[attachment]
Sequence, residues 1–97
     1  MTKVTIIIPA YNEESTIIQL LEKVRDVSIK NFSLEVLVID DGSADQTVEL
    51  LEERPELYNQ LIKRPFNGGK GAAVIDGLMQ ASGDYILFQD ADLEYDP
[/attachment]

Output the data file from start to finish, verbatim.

Sequence, residues 1–97
     1  MTKVTIIIPA YNEESTIIQL LEKVRDVSIK NFSLEVLVID DGSADQTVEL
    51  LEERPELYNQ LIKRPFNGGK GAAVIDGLMQ ASGDYILFQD ADLEYDP